RASSI: A Systematic Approach for On-site Crash Investigations and In-depth Accident Data Collection in India

Paper #:
  • 2013-26-0031

Published:
  • 2013-01-09
Citation:
Padmanaban, J., Rajaraman, R., Narayan, S., Arjun, C. et al., "RASSI: A Systematic Approach for On-site Crash Investigations and In-depth Accident Data Collection in India," SAE Technical Paper 2013-26-0031, 2013, https://doi.org/10.4271/2013-26-0031.
Pages:
13
Abstract:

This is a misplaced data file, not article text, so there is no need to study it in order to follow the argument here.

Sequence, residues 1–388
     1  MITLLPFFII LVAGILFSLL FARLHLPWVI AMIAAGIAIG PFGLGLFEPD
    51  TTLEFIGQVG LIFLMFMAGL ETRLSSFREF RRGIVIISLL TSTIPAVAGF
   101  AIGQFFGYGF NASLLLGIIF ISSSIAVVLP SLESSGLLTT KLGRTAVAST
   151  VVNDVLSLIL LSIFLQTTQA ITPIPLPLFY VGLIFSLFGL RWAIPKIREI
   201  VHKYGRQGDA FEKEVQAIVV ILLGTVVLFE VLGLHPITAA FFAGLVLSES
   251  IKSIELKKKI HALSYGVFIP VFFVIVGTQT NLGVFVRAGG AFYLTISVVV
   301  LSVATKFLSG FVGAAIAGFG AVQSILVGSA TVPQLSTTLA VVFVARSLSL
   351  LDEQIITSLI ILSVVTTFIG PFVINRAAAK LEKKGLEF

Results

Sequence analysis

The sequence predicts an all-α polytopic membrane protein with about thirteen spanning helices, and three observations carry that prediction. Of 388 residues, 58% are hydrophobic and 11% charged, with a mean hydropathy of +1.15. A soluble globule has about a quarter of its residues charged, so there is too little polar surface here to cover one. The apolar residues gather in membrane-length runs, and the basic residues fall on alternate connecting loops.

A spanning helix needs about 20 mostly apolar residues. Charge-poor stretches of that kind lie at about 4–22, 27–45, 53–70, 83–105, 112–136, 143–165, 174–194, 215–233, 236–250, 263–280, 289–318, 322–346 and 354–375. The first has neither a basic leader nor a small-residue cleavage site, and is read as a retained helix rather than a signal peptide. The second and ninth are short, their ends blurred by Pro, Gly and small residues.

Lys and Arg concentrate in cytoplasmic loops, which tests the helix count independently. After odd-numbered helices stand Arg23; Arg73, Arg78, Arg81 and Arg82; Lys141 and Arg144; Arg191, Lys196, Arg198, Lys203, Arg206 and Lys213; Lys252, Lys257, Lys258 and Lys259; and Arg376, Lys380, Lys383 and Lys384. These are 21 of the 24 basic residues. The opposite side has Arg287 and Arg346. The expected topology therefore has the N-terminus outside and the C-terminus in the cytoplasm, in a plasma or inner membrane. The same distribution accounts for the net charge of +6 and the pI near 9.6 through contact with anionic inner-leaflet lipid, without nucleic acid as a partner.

India's growing trend of serious road accidents has created an urgent need to understand the primary factors involved in these crashes and in the resulting severe injuries and fatalities. In order to improve the safety of highways and automobiles for all road users, a consortium of safety researchers and vehicle manufacturers has come together to collect first-hand, detailed and consistent crash and injury data for traffic accidents on Indian roads. After three years of pilot studies, a methodology, called Road Accident Sampling System - India (RASSI), has been developed for conducting on-site crash investigations and collecting in-depth accident data on road accidents in India.The processes developed under RASSI to investigate onsite crashes and collect quality accident data suitable for detailed analysis are described. The program includes all types of traffic accidents with injury outcomes. This paper focuses on the current investigation area of the Coimbatore district in the state of Tamil Nadu in India. The RASSI team consists of trained automotive engineers and injury coding experts who work in collaboration with the state police. To assure that the data collected will serve not only current but unforeseen future research needs, on-site crash investigations include - (1) photographing the crash site and vehicles and creating true-to-scale diagrams of the accident scene; (2) examining crash vehicles, including deformations, intrusions and human contacts; and (3) detailed injury coding of the involved victims. Critical crash information, such as driving and collision speed, (Delta-v), is determined from traces at the scene as well as from vehicle deformation patterns for the assessment of energy speed absorption. The possible ways to make calculations and accident reconstructions from the collected data are described, and the benefit of such comprehensive in-depth accident data collection is shown, along with examples correlating technical parameters with injury outcome.
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